What I’ve learnt as portfolio entrepreneur

I've learnt a lot as portfolio entrepreneur in ten years – what I'd repeat and what I'd do better!

The most important thing is to dare to think a business idea, no matter how strange or impossible it is and not to let family and friends prevent you from realizing this idea.

Some years ago I thought that Internet-based business ideas could be incorporated everywhere, also in Austria. That's why I helped to incorporate some companies in Austria. I had to become 50 years old to realize that this is not true. Austria is behind in Europe and Europe is miles behind the USA. That's the second thing I've learnt.

And the third thing is that everything I learn from startups is needed in existing companies as well. That's what I want to share.

Unfortunately many companies lag so far behind and are so inflexible that I lack patience to position and market them accordingly.

And I don't want to be a typical consultant who maximizes the number of days and the day-rate, but is not interested in solutions. This maximizes the profit, but is boring.


What Austria can learn from the Silicon Valley

In Austria, you meet ten persons who give you ten reasons why your startup won't work.

It's 100 to 1 and you are the loser as entrepreneur before you have even started

You have to justify – not only your business idea, but generally why you even put those around you to this strain when there would be easier and more profitable ways to earn money, why especially you think you will be successful when everybody knows that the dropout rates are enormous, etc.

In Silicon Valley you meet ten persons and everybody starts thinking and asks, gives hints and offer their contacts. Of course you have to present something, otherwise you don't have a chance there – I've learnt the hard way as well. But generally, the start is supportive and inspiring.

In Austria you are a weirdo, in Silicon Valley you are part of innovation.

If you fail in Austria, you are stigmatized all your life,
if you fail in Silicon Valley, everybody knows that you have learnt and of course you get another chance.

In Austria it's complicated to found an enterprise, it takes a long time and costs a lot, even if the share capital for it has been reduced.

In Silicon Valley I can found a stock corporation with ten million stocks for no more than 1000 $ within a week, there are lawyers who defer payment for months and take the risk, and there are banks which do not charge fees.

So, while I found one LTD in Austria, I can found ten stock corporations in Silicon Valley at the same cost in one third of the time.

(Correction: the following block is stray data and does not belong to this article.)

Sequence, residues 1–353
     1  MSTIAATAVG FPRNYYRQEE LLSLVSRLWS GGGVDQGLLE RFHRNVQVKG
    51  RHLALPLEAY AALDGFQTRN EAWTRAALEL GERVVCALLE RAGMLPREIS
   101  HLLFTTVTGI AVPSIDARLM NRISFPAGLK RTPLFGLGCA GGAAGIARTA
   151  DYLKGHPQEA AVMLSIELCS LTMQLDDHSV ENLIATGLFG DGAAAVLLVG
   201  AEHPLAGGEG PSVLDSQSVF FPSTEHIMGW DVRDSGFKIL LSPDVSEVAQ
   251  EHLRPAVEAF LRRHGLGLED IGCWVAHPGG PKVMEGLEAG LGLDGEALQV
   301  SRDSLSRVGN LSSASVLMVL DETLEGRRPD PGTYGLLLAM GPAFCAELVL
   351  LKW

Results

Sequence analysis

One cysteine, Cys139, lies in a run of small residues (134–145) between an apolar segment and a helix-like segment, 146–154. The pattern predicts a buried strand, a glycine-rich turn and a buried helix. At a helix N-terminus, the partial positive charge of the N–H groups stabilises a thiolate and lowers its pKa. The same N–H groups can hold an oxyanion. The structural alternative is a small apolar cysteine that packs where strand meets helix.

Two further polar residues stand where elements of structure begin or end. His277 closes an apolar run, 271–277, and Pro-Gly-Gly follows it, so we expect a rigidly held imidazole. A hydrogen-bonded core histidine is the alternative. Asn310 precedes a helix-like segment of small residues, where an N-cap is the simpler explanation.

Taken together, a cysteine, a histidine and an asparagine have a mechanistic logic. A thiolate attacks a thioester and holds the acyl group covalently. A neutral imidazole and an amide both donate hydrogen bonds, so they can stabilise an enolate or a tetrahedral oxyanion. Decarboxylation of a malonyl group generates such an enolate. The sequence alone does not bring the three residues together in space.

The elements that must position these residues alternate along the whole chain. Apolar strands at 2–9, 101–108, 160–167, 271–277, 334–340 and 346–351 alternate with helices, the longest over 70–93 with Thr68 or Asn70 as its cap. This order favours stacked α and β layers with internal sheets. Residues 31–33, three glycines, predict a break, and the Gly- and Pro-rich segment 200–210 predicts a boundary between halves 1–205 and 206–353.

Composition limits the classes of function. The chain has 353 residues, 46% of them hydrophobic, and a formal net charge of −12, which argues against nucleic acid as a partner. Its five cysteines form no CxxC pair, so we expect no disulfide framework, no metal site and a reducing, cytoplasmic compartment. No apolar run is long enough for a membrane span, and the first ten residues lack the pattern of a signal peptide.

Of course companies need working capital, but it's a difference if I put money into my product and into market development or into taxes and duties.

That's why I only incorporate startups in Silicon Valley any longer. This year, I've already incorporated seven companies in Palo Alto; until the end of the year it will be at least ten, until mid 2014 at least 20.

An important hint if you fly to Silicon Valley: avoid the Austrians over there! It's okay to drink a glass of beer together and complain about the lack of wholemeal bread and prosciutto, but that doesn't help your startup.


Why it’s exciting to work as a business angel

To be honest, I do not feel to be a business angel, but rather a portfolio entrepreneur. I am always on the same side as the entrepreneurs, I bring in everything I know and master.
That's the kick I need: to
  • innovate
  • create
  • advance
  • influence
And I have to do that with various startups at the same time, because otherwise I get bored. And the idea behind the startup has to be something that
  • makes the world better
  • can grow quickly all over the world and
  • adds value for the customers.
Join us!


Why Silicon Valley is so attractive

Most people from existing companies flying to Silicon Valley have the tourist approach. And those who stay at home think that everybody in Silicon Valley is waiting for startups and is immediately offering a suitcase filled with money

Of course it's good and important to visit Facebook, Google and Apple, but it is much more exciting to pitch in the nearest Starbucks or to visit an event to discuss with other entrepreneurs and investors.

For me, Silicon Valley means:
  1. innovative climate: talk to everyone, collect feedback, get to know people
  2. large, open, technology savvy market
  3. a lot of potential partners close by
  4. a lot of investors, but also a lot of competition for the money
  5. easy, cheap way to incorporate enterprises